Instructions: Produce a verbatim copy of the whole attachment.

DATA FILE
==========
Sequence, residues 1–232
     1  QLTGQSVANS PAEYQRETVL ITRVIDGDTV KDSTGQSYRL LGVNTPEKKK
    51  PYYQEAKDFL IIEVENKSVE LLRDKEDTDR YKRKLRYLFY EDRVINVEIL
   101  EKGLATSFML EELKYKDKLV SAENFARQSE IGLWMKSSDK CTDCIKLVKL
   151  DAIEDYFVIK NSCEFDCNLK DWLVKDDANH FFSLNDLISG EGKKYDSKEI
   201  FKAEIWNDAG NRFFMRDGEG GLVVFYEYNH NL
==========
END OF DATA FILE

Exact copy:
Sequence, residues 1–232
     1  QLTGQSVANS PAEYQRETVL ITRVIDGDTV KDSTGQSYRL LGVNTPEKKK
    51  PYYQEAKDFL IIEVENKSVE LLRDKEDTDR YKRKLRYLFY EDRVINVEIL
   101  EKGLATSFML EELKYKDKLV SAENFARQSE IGLWMKSSDK CTDCIKLVKL
   151  DAIEDYFVIK NSCEFDCNLK DWLVKDDANH FFSLNDLISG EGKKYDSKEI
   201  FKAEIWNDAG NRFFMRDGEG GLVVFYEYNH NL